Remembering Sean Taylor: One Year Later
So, here I sit, almost a year after one of the saddest days of my life as a Washington Redskins fan. I can’t believe it’s already been a year.
I remember that day like it was yesterday. Nov. 27, 2007, two days after I had celebrated my 33rd birthday. That morning, at 5:45 AM, I was awakened by my alarm and someone on the radio saying, "If what Fox is reporting is true, Sean Taylor has passed."
Tears began to stream down my face as I lay there with my girlfriend, to whom I had suggested just six hours earlier, that if there was anyone who could live through something like this, it was Taylor.
I truly thought he would pull through this. I was still in shock that it had even happened. All I could think about was his little daughter, who had just been born 18 months prior, growing up without her father.
There are several days in sports I will never forget, like that day in June, 1986, when I walked into my kitchen only to see my dad reading the newspaper, and shaking his head. I asked him what was wrong, and all he said was, “Len Bias died last night”.
At first I thought, no way, he’s got to be joking, this can’t be real. But knowing my dad, and the fact we had just gone through the tragic death of my brother’s girlfriend five months before that, I knew he wasn't. Less then 48 hours after being drafted by the NBA champion Boston Celtics, Bias had passed away from an apparent cocaine overdose.
I was only 12-years-old at the time, and I didn’t really understand death, except for the fact it made people, especially my brother, unbelievably upset. So, I just kept asking myself why. Why would God take such a talented athlete, and human being, from this world? His family and friends didn’t do anything to deserve this. It just didn’t make sense to me. It still doesn’t.
Taylor’s death did the same thing to me. Similar questions arose. Why was he even there? Why didn’t he have hired security at his place, especially since it had just been broken into a couple of weeks earlier? Why would these individuals do this? Why am I this affected by the death of someone I didn’t even know? I had that same empty feeling I felt after Bias’ death.
See, most sports fans probably can’t relate to this feeling. I don’t know why, but I seem to attach myself to my favorite athletes, like they’re my best friends. So, when something like this happens, it affects me in a different way. I’m not sure if that’s good or bad, but it’s just the way I’m built.
At the time, I thought about how these two tragic deaths had very similar characteristics. Two unbelievable athletes, taken from their game before the sports world was able to witness their full potential.
I can only imagine what Taylor would have accomplished, not only professionally, but as a person, if his life hadn’t been cut short. It seemed like he was just starting to mature as an individual, and understand how lucky and needed he was. I’m sure bringing another human into the world will do that to you.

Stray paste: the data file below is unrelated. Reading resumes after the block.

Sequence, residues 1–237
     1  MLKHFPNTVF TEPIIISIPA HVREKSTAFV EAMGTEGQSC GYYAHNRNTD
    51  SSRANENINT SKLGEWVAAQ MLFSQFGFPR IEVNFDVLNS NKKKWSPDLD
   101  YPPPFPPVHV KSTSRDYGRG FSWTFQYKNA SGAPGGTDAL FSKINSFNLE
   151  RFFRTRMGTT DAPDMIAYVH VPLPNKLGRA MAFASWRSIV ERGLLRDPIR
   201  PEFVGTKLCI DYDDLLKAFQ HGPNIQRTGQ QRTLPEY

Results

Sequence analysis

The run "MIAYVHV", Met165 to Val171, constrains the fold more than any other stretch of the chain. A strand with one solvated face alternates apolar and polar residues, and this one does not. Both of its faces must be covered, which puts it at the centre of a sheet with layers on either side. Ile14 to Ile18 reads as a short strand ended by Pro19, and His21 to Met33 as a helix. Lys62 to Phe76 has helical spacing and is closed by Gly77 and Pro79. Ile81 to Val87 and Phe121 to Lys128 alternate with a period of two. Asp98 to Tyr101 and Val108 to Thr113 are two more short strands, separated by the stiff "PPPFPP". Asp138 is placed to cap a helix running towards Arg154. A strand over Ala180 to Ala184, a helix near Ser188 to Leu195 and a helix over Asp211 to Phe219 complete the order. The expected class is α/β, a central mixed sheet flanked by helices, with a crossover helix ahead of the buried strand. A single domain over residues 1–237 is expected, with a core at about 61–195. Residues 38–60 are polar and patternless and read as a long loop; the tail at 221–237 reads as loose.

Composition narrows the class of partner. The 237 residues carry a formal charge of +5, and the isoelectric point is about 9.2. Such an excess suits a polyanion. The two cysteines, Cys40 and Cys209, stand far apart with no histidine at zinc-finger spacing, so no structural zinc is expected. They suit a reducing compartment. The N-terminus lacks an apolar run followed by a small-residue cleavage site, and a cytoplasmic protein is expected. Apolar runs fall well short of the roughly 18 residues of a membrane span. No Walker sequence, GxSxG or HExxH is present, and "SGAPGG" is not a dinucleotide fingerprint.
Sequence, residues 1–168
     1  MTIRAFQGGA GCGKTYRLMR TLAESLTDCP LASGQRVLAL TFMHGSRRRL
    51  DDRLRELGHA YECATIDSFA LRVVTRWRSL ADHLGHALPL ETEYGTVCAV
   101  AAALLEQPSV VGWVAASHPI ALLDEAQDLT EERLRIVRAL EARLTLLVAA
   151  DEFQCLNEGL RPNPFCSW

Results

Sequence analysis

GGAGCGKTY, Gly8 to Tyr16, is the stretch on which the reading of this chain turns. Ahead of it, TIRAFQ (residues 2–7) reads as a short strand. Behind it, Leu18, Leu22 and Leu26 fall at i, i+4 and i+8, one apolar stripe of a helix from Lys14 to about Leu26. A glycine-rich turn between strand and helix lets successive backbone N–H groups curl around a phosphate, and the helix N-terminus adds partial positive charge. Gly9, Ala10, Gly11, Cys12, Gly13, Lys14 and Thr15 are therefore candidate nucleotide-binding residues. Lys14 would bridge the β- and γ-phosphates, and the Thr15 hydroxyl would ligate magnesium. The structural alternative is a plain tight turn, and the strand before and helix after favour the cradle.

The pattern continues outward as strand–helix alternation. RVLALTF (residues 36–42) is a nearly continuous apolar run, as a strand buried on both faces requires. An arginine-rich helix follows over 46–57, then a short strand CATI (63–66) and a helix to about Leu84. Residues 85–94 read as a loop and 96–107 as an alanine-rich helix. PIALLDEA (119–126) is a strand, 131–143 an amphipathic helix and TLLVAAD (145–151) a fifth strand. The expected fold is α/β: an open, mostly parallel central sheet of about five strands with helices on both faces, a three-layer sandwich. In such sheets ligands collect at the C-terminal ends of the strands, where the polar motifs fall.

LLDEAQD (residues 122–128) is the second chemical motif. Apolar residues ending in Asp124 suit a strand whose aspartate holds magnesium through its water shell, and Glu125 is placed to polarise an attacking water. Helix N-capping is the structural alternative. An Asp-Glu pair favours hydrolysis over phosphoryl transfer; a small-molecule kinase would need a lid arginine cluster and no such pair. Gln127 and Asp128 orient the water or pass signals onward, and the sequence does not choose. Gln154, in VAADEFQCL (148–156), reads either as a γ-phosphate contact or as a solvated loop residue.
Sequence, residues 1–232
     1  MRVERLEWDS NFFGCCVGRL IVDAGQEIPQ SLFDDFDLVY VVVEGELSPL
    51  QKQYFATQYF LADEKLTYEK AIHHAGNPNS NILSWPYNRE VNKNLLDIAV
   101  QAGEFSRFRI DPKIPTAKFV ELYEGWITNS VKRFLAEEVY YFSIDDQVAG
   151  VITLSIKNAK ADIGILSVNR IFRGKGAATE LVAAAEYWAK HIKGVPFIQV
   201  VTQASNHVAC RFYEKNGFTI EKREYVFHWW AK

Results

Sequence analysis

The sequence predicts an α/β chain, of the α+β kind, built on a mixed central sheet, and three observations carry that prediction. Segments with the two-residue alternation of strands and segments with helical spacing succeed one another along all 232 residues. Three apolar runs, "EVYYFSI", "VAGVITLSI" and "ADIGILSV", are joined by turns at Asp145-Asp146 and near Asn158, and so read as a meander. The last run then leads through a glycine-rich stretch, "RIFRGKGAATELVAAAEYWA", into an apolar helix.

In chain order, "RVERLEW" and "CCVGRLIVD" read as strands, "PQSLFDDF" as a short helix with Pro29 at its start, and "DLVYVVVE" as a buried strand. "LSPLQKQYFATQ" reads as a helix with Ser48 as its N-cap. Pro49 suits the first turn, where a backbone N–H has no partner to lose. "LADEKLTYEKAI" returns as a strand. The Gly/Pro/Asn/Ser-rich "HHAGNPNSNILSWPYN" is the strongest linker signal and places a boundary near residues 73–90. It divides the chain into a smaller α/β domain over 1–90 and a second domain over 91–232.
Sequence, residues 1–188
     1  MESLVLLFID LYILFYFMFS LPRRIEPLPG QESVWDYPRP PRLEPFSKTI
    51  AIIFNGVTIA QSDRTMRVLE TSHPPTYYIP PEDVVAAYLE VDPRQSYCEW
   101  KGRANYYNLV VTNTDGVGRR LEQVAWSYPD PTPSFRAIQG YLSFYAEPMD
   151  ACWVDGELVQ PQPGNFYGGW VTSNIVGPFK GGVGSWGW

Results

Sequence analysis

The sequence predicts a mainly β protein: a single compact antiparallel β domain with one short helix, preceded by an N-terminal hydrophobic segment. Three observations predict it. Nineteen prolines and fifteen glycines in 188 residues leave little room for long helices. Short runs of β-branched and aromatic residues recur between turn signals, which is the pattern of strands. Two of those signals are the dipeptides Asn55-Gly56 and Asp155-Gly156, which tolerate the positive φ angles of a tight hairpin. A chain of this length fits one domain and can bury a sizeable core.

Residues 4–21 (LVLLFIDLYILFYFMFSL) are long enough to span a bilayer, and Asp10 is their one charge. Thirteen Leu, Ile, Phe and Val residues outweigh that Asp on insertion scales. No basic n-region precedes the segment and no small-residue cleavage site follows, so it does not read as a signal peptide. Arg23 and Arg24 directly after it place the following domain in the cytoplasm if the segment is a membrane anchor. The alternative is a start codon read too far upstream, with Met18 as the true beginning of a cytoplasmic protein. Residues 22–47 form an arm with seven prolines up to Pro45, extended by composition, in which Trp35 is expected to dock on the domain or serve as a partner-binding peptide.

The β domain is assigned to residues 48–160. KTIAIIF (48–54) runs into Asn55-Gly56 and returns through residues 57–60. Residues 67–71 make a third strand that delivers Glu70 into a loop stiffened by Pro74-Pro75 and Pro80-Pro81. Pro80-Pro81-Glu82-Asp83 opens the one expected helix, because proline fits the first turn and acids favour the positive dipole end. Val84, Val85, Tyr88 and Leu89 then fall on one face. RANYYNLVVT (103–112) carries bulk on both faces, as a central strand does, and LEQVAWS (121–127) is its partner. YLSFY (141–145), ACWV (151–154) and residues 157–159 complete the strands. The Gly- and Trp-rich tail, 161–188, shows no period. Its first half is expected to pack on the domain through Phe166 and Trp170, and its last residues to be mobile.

I followed Taylor from the time he was a high-school standout at Gulliver Preparatory School, where he was highly recruited by the University of Miami (I’m a huge ‘Canes fan). His senior year, while playing running back, defensive back, and linebacker, he racked up 1,300 yards rushing, an unbelievable 44 touchdowns, and 100 tackles.
He would eventually attend “The U”, and win a National Championship as a true freshman. During his junior year at Miami, his final year, he was named a consensus first-team All-American, the "Big East Conference Defensive Player of the Year," and he was a finalist for the "Jim Thorpe Award," which is awarded to the nation's best defensive back.
He would be drafted fifth overall by the Redskins that summer, where he would go on to be selected to two Pro Bowls, one of those occurring after his death.
If his high-school and college years, and brief NFL career, were any indications of what was to come, I think Taylor may have gone down as one of the best defensive players in NFL history, with the likes of Dick Butkus, Lawrence Taylor, Mike Singletary, and Deacon Jones.
But now, I can only imagine of what would have been.
Fortunately, the individuals—whose names I won’t mention since I don’t think they belong in the spotlight—that may have committed this crime were caught, and charged, back in December of 2007.
Four of the five suspects await trial, which, originally was scheduled for Apr. 7, 2008, but was postponed to Mar. 3, 2009. Three of the original four suspects were charged with felony second-degree murder, armed burglary, and home invasion with a firearm or another deadly weapon.
The fifth, who was identified after the initial four suspects, was charged with first-degree murder and armed burglary of an occupied dwelling. He’s believed to be the one who pulled the trigger of the murder weapon that killed Taylor.
One of the original four suspects has already entered into a plea bargain, accepting a jail sentence of 29 years. To some, that may seem like 29 years of life that young man will lose, but to me, that’s 29 more years of life he gets, that Sean Taylor doesn’t.
So, with the one-year anniversary of Taylor’s death upon us, and less than a week before he will be inducted into the Redskins' Ring of Fame, I decided to share my thoughts of that tragic day.
In the beginning, I was still asking myself why, not sure I would ever find an answer. Now, almost at the end, and having shed a few more tears along the way, I have my own idea of why he was taken from us too soon.
The man upstairs has been chosen to coach a team of all-time sports all-stars, and Sean Taylor was selected to join.
I miss you Sean, and ‘Skins fans miss you, but I have to say, that’s one heck of a team!
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